HARTFORD, Conn. (WTNH) — Two proposals hope to boost the number of teachers in Connecticut classrooms.

“Unlike any other time in history, we have big thinking with money and resources available,” Connecticut Education Association President Kate Dias said. “So, we have the capacity to make change happen.”

The Connecticut Education Association held a news conference on Wednesday to discuss how to recruit and retain teachers amid a nationwide shortage.

“They are all teaching extra courses, so instead of teaching five periods, they’re often teaching six to seven periods per day in the middle and high schools,” said Kevin Egan, a Waterbury teacher. “In the elementary level, with the shortage of teachers there, they’re constantly getting more kids in their classrooms.”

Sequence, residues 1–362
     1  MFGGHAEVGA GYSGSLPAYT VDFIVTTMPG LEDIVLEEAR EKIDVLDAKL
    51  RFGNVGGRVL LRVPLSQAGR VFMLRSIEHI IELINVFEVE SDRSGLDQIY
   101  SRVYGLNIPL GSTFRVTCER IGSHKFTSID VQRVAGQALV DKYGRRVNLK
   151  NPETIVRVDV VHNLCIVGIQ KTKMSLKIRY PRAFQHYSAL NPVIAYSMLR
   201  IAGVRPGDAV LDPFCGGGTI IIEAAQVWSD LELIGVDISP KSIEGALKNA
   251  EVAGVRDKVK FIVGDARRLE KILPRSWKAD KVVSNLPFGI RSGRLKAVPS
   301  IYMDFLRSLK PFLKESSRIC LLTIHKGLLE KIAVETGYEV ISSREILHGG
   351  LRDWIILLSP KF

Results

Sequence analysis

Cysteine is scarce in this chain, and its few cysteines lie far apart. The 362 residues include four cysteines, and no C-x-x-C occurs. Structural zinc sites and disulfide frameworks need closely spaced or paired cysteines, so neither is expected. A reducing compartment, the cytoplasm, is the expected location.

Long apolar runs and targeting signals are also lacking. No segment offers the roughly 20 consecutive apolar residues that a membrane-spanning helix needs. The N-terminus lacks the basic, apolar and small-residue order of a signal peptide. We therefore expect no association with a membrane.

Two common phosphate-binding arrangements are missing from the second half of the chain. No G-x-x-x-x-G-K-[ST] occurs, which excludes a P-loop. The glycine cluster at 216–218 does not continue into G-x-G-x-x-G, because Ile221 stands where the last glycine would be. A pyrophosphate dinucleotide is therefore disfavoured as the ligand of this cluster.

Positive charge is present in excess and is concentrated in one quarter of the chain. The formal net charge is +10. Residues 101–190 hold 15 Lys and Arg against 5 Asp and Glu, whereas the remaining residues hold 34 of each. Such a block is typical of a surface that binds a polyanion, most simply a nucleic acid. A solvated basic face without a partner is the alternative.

One proposal would boost salaries to create a statewide minimum of about $60,000 a year.

That would impact all teachers currently in the profession.

“What people often don’t understand is that shifts everybody,” Dias said. “That idea that if you enter and start the salary higher, that that is going to have an impact on everyone in the district — from first-year teachers to veteran teachers.”

Olivia Deloach, a senior at Mitchell College, supports the bills. Deloach said the low pay that comes with teaching has made her second-guess her career choice.

“I’ve really just gone back and forth — salaries, working conditions, things like that,” she said. “All things you should take into account no matter what your profession is.”

The report below is from News 8 at 5 on March 15, 2023.